“But if we academics take ourselves seriously, we should put single-issue theories into a somewhat less exalted position in order to minimize the harm we can do. And we should get about the business of asking harder questions, looking for better evidence, and approximating better answers.”
This suggests Warren's dissatisfaction with the ivory tower approach to financial policy and may have led Warren to become increasingly engaged with public policy as a way to integrate the real-world implications of her financial theories.
In 1998, Warren argued in “The Bankruptcy Crisis” that the argument for sweeping changes in bankruptcy law to make it harder to file for bankruptcy was not justified. In the article, Warren blasted the credit industry and questioned the validity of data produced by industry experts to suggest that 40% of the debtors could pay some of their debt, and thus they were abusing the bankruptcy system.18 Warren stated that “the system is not in crisis; the evidence points towards a consistent use over time of consumer bankruptcy by the same kinds of families—families in serious financial trouble.”19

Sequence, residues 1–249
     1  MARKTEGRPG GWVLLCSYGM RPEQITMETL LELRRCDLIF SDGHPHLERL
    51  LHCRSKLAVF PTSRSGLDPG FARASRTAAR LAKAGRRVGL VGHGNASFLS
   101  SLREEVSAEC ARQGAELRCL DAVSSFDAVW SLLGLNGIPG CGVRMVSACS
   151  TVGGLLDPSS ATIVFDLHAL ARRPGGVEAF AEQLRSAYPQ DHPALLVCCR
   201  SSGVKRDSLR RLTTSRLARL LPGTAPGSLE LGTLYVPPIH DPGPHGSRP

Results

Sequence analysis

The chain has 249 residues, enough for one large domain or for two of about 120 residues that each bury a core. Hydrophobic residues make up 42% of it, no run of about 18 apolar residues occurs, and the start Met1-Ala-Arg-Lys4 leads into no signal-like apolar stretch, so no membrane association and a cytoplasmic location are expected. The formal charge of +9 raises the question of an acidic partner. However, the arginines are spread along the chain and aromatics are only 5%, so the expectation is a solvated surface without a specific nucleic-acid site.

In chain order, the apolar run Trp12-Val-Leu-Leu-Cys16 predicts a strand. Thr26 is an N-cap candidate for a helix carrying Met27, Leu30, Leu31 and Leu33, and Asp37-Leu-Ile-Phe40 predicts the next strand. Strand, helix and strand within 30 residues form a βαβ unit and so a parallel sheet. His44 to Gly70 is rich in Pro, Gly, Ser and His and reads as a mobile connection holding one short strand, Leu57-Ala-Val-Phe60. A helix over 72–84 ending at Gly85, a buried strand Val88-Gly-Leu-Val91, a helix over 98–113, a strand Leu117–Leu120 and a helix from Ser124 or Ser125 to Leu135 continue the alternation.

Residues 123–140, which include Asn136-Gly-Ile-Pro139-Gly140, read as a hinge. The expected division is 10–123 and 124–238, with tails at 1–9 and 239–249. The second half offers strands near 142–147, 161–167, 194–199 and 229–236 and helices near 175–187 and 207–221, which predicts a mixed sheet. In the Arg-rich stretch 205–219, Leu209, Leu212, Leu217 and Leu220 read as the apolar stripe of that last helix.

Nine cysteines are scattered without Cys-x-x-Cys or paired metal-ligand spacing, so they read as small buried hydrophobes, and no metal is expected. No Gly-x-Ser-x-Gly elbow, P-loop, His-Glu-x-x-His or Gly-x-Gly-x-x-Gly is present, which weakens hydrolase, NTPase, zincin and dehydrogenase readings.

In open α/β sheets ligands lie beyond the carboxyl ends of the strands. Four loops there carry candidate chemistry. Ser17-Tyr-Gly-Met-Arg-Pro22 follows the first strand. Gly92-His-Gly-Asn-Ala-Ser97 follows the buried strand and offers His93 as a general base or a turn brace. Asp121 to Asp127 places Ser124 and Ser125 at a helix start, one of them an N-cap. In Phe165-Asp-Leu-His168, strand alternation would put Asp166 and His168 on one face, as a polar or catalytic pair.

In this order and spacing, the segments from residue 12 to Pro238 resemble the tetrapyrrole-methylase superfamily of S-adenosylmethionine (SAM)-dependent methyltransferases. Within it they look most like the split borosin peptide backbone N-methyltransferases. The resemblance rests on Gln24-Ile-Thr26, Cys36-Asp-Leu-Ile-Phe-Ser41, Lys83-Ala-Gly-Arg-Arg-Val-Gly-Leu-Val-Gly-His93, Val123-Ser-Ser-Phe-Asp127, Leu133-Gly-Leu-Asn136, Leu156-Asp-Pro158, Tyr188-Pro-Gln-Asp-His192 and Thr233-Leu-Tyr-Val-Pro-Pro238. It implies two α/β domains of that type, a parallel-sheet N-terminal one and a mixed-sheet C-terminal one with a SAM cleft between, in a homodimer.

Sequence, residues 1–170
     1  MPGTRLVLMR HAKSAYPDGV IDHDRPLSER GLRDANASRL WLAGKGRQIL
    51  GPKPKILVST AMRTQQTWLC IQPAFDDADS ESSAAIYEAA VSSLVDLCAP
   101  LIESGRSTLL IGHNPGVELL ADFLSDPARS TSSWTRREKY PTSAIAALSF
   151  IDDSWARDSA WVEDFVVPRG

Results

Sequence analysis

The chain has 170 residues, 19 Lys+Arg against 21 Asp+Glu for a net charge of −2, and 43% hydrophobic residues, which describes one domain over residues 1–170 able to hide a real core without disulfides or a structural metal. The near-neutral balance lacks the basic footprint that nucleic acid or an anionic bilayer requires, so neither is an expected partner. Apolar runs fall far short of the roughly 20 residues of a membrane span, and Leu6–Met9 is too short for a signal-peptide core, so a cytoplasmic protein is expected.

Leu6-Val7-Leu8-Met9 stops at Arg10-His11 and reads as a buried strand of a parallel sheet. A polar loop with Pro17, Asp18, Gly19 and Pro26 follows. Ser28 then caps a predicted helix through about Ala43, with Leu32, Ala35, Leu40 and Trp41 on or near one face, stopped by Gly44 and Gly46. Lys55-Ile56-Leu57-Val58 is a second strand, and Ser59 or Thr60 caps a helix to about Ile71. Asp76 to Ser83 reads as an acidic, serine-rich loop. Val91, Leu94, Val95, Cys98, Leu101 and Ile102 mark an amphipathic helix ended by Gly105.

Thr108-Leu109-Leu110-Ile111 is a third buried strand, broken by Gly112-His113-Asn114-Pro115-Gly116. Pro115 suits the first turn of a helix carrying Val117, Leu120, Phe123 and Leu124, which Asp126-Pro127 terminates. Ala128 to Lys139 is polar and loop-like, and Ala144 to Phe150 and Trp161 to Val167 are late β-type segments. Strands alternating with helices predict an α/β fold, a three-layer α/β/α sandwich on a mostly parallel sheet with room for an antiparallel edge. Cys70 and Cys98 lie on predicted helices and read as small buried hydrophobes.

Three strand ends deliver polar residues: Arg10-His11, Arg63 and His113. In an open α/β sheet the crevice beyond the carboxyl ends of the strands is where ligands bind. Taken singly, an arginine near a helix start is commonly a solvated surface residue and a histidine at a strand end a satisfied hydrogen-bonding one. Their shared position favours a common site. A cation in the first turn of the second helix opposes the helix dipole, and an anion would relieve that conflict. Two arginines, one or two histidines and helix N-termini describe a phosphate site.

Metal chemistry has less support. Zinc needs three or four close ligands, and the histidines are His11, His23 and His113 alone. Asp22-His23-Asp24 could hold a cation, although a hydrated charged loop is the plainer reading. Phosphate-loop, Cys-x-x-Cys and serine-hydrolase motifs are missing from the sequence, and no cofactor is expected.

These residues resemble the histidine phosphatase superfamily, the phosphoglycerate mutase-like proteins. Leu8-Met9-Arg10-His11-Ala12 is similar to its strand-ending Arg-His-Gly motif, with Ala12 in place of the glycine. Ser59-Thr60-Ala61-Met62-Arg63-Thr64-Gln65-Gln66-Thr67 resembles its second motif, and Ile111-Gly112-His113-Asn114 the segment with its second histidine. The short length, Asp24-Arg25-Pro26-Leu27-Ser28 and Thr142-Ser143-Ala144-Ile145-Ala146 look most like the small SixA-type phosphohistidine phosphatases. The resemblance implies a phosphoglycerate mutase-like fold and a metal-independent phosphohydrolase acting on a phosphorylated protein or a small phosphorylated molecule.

In 2002, Warren published “Financial Collapse and Class Status: Who Goes Bankrupt?” in which she analyzed a sample of the 1.5 million families who had filed bankruptcy and found that “families in bankruptcy share many of the same educational, occupational, and home buying experiences as other middle-class Americans. Their deep financial distress suggests a growing reason for concern about these families, who make up the heart of America.”20